According to Matthew 14, Mark 6, and Luke 9, John the Baptist was beheaded on the orders of King Herod Antipas. The reason for the beheading was that Herod's wife Herodias hated John the Baptist and told her daughter Salome that should Herod ask what she wanted as a gift, Salome would request the head of John the Baptist on a silver platter. Salome then danced for the king, and Herod was overcome with delight and told his step-daughter to ask for anything she wanted as a reward for her dance. Salome then heeded her mother's words, and John the Baptist was duly beheaded.

The death of Saint John the Baptist is marked with its own feast in the Catholic liturgical calendar, and it is celebrated on August 29. Unlike most other saints, however, the death-day of John the Baptist is not his principal feast, which is his nativity on June 24. Nor is the day marking the day of his beheading, but instead it marks the finding of his head. This is why the day is known as the feast of the decollation, rather than the dies natalis.


Even the marginal hybrids turn their face away in sorrow 
Limoges - BM - ms. 0002, f.182v, gradual, Fontevrault, c.1250-c.1260
(Courtesy of enluminures.culture.fr)

Since both John the Baptist and Edmund Martyr were beheaded, it is no wonder that the venerators of Saint Edmund should think that the two saints were typologically connected, especially the hagiographers and liturgists at Bury whose job it was to emphasize such connections through musical borrowings, textual allusions, and iconographic similarities. To illustrate how this was done, I will here present you the antiphon of Edmund and that of the feast of the decollation to illustrate how this typological connection was made through liturgical borrowings.

The antiphon for Saint Edmund:

Misso spiculatore de crevit tyrannus
dei adletam eadmundus dum capite
detruncari sicque ymnum deo personuit
et animam celo gaudens intulit.

(The thrown stabs increased by the tyrant, the athlete of God, Edmund, when his head was cut off, and thus resounded with hymns for God and brought the soul rejoicing to Heaven)

The antiphon for the decollation of John the Baptist:

Misso Herodes spiculatore praecepit
amputare caput Joannis in carcere
quo audito discipuli ejus venerunt et
tulerunt corpus ejus et posuerunt
illud in monumento
(The thrown stabs ordered by Herod amputated the head of John while in prison. When his disciples heard this, they came and interred his body and placed it in a monument.)


Praecepit amputare caput Joannis in carcere
Cambrai - BM - ms. 0189, f.161v, Evangeliar, Use of Cambrai, c.1266, Cambrai
(Courtesy of enluminures.culture.fr)


As can be seen from the words put in bold, it is likely that the antiphon for the feast of the decollation served as the foundation for the antiphon of Edmund Martyr. This relationship is also strengthened by some of the words that are not identical but nonetheless carry the same meaning. While the Edmund antiphon uses "detruncari" and the decollation antiphon uses "amputare", it is nonetheless clear that they signify the same form of execution. Similarly, while the primary antagonist in the antiphon for the decollation is identified as Herod, the antagonist of the Emund antiphon is not named but instead referred to as "tyrannus", a term which in medieval liturgical chants is sometimes used about Herod (such as this hymn verse for the feast of the Holy Innocents).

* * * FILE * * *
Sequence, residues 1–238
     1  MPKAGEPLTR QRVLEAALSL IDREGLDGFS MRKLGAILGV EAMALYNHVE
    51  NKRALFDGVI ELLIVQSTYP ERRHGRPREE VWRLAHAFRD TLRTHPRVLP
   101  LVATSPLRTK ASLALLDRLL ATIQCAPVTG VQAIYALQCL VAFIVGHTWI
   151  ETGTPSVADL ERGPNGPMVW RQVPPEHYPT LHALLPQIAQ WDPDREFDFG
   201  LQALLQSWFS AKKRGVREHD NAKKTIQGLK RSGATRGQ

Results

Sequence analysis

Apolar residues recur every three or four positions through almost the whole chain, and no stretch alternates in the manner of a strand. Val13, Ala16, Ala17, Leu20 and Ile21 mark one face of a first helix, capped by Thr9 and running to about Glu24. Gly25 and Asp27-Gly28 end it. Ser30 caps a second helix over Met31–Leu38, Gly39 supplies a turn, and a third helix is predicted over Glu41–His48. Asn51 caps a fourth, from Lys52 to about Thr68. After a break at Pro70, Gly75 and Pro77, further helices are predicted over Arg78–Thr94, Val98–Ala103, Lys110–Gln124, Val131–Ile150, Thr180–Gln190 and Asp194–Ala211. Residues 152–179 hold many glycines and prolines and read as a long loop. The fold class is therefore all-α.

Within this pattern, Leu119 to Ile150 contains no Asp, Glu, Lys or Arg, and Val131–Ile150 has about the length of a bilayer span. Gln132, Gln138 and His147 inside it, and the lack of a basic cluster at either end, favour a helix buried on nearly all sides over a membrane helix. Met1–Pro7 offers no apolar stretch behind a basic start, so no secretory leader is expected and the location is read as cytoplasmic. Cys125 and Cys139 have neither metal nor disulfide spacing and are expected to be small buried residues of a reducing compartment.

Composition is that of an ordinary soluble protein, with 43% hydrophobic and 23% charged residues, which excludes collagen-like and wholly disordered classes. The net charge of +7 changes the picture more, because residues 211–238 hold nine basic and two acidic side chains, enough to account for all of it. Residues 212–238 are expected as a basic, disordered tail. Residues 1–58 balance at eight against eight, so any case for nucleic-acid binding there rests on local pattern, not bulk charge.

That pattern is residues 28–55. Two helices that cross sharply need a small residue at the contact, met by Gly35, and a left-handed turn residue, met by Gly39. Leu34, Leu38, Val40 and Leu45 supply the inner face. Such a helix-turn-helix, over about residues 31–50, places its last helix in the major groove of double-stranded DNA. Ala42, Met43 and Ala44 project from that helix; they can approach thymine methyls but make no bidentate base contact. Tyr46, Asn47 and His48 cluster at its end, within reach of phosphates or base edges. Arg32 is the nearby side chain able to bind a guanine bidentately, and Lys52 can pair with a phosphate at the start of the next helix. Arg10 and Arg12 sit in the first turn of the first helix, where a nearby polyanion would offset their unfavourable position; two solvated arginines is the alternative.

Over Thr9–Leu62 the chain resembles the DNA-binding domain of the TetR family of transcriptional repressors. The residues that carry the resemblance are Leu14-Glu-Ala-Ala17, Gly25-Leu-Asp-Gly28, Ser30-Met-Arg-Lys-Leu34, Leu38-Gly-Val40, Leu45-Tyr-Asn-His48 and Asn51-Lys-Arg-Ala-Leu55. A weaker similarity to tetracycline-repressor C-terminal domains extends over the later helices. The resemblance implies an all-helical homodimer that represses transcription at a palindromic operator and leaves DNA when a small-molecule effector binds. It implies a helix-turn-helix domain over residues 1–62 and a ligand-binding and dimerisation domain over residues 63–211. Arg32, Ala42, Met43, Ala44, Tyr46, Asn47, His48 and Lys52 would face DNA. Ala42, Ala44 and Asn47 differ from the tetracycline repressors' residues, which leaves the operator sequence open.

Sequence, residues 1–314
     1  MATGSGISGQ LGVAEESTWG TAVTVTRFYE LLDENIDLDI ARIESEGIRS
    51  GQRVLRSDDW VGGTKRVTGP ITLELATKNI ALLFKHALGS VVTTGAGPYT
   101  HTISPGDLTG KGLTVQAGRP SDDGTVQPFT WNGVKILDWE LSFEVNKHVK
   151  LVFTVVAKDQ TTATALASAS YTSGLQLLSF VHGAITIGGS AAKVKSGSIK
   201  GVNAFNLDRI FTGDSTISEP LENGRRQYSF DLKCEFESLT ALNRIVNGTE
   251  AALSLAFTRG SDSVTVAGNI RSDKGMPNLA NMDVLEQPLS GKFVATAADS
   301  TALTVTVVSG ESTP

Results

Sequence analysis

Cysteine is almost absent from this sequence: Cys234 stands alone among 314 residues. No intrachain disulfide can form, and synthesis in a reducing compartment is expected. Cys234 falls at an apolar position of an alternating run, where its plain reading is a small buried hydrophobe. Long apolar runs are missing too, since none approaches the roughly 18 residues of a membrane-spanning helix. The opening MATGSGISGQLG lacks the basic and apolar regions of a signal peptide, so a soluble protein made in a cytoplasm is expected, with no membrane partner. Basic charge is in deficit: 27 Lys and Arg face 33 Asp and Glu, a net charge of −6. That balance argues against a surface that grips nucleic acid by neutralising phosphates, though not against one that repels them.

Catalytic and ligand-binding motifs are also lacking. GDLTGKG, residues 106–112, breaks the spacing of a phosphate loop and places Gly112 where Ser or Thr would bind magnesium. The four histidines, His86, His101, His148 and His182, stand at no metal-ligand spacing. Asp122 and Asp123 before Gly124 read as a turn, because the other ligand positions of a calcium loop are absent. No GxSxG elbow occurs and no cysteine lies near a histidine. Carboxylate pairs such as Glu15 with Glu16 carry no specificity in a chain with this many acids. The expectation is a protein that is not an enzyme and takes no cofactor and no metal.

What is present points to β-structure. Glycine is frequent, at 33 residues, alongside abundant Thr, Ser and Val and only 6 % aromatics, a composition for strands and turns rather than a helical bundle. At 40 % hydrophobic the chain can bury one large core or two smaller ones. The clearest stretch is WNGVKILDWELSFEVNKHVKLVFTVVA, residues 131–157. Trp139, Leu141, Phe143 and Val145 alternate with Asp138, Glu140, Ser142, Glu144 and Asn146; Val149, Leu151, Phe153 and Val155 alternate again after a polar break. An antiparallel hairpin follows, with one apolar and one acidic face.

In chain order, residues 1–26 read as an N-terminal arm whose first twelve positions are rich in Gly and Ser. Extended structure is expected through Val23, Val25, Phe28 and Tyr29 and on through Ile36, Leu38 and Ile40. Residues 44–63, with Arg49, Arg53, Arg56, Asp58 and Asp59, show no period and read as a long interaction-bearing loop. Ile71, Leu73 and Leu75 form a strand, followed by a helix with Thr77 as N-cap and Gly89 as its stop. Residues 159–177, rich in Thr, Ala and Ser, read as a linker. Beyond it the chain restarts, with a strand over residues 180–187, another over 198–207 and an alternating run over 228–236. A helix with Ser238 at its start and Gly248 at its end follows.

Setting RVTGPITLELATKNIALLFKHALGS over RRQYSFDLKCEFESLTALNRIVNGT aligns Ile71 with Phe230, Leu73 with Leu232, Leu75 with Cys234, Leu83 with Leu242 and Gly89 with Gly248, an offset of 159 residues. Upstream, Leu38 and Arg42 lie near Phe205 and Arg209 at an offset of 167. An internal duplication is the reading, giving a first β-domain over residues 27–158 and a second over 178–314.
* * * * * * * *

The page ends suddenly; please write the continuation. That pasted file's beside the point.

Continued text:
These two antiphons, therefore, provide a good example of how the typological connection of two saints could be emphasized through liturgy. By borrowing key words and phrases from an antiphon for the decollation, the liturgists pointed to the fact that Edmund and John the Baptist both were beheaded, and that they therefore had a relationship in the collegium of saints. Such connections were important to bring out because that way the typological roster of Saint Edmund - i.e. the list of his features shared with other saints - could be mapped out more completely, and thus Saint Edmund's role in the history of Creation could be understood more clearly. This in turn would mean that he could be addressed more accurately, more flatteringly, which might bring about his help more effectively.

Although such a connection might seem arcane to us who do not perform medieval liturgy, we must remember that the monks at Bury St Edmunds would sing both these antiphons. And even though the antiphons were sung at different times in the year, they would nonetheless be performed by the same monks year after year, and thus be remembered. In this way, the monks who venerated Saint Edmund would be reminded that their patron also shared features with the forerunner of Jesus Christ.